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Sub-Standard Handrailing is a Safety Concern, Cautions Andrew Mentis

With a steady increase in the amount of sub-standard handrailing making its way onto the South African market, steel grating developer and manufacturer Andrew Mentis cautions local industry to review its selection of handrailing more thoroughly.

“Cheaper handrailing invariably means that thinner material is being used,” Andrew Mentis, managing director of Andrew Mentis, says. “And this could have a serious impact on the safety of personnel working on the plants where this product is installed. Thinner material being used in handrail manufacture obviously impacts on its structural integrity and will affect its strength over the long term.

“The quality of handrailing systems in South Africa is governed by an industry standard arrived at by independent authorities, based on numerous tests to determine the correct material and specifications that ensure handrail is able to withstand a certain level of pressure and force. This includes the stanchions or uprights, as well as the horizontal rails.”

The standard accepted base plate in local industry for a stanchion or upright is, for example, 10 mm thick, in order to deliver the appropriate load-bearing support for the stanchion and meet all safety requirements.

“However, at present bases are being made available to the market that are only 8 mm thick,” Mentis says. “Someone without sufficient technical knowledge could easily assume that a difference of just 2 mm cannot make a significant difference to the integrity of the product. Yet tests have proved that a 10 mm base is almost twice as strong as an 8 mm base.”

According to the industry standard, the bottom tube of the stanchion should have a wall thickness of 2.5 mm. Mentis says the same applies here — inferior products with wall thicknesses of 2 mm and 1.6 mm are currently being put into use. Again, tubes with the specified 2.5 mm wall thickness have been tested and shown to be at least 20% stronger than the 2 mm and 1.6 mm tubes. The top tube should also have a minimum 2 mm wall thickness, but inferior products with a wall thickness of 1.6 mm are presently being utilised.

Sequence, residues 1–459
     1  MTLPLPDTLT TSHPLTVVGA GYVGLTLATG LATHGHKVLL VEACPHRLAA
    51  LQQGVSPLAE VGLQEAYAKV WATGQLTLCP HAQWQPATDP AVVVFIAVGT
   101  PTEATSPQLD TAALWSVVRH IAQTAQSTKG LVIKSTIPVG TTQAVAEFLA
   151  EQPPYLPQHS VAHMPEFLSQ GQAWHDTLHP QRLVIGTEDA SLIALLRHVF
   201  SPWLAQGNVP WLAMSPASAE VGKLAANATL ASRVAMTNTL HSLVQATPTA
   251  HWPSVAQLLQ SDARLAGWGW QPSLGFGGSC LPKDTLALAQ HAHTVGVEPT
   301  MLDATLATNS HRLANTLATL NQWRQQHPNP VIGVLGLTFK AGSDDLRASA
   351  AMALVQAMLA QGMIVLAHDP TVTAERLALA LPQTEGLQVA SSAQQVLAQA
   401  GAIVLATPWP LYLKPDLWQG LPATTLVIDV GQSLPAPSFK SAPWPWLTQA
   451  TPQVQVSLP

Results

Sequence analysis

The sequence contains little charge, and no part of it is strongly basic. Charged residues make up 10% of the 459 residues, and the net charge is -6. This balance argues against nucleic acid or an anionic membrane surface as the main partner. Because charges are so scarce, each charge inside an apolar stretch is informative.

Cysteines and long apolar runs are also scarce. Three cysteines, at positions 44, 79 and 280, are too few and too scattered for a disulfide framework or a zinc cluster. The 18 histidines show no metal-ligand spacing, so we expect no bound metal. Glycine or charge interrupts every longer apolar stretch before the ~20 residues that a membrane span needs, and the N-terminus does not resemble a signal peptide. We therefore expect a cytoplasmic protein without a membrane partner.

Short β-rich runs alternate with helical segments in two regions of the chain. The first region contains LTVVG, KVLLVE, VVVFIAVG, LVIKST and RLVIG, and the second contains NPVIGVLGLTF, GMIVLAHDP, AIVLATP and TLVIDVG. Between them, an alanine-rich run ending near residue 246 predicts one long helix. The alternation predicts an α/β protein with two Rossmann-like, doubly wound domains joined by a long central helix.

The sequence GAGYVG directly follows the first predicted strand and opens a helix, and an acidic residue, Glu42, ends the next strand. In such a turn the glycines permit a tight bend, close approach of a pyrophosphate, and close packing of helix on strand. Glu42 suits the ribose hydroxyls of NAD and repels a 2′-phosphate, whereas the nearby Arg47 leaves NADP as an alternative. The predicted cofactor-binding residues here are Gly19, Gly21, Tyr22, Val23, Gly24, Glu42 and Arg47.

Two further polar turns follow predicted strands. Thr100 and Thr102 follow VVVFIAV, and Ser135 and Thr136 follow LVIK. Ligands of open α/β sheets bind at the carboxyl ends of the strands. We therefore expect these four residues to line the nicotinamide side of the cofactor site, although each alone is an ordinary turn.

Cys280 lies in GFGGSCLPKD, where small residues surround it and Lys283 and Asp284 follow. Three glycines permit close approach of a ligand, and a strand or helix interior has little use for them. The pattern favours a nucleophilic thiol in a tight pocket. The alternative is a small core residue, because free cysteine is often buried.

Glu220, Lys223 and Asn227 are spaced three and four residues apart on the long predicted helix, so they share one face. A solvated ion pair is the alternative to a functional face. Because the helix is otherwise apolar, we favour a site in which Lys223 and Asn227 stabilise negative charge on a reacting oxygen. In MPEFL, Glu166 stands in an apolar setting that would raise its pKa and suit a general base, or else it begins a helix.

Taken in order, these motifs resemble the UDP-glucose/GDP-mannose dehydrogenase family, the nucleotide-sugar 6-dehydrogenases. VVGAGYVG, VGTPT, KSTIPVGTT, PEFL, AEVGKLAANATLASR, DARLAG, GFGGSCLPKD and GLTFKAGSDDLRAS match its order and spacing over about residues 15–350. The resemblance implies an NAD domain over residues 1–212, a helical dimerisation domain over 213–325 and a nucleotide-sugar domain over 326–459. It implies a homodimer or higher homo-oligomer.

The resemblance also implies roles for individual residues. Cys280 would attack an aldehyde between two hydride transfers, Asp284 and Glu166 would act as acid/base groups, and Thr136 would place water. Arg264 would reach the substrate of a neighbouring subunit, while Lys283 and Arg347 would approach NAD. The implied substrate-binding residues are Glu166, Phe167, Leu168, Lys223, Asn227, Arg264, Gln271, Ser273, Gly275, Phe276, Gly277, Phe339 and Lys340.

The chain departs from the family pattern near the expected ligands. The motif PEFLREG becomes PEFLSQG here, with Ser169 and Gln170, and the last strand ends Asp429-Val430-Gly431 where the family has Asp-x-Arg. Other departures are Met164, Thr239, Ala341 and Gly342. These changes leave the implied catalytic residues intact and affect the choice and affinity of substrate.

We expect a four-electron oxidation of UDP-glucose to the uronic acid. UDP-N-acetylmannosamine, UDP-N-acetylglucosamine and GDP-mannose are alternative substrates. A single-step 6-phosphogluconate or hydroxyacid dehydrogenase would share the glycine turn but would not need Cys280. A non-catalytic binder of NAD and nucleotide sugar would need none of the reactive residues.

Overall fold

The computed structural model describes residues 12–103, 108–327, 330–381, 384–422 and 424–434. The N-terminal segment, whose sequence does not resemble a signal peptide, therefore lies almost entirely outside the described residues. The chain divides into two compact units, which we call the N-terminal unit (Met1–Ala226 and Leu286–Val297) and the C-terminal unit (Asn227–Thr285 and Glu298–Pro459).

Handrails for industrial and general purposes should normally be of the two-rail type — comprising a handrail and a knee rail, supported on standards placed at suitable intervals. Handrailing should preferably, and always in areas where there are stairs, be continuous and have no obstruction on, above or near to it that could obstruct people’s hands as they move along it.

The recommended clearance between a handrail and any wall or object behind or below it is 65 mm.

Little understanding
“The issue is not that companies are deliberately buying sub-standard product, knowing that this could endanger their workers,” he stresses. “The problem is that there is little understanding of the technical aspects behind a product such as handrailing.

“The specifications governing handrailing are recorded in the Southern African Steel Construction Handbook, which is used as the steel industry’s reference book, as well as by architects and engineers. However, there is no indication that the purchasing departments who buy handrailing have access to this book, or are even aware of its existence.

“In this tough economic climate purchasing decisions are, in many cases, made on price alone and thinner steel is cheaper. However, in the event that the sub-standard product fails, the consequences to the company concerned could be much higher than the original saving. It therefore makes good business sense to buy products of the correct quality, with sound structural integrity, that will contribute towards a safe working environment.”

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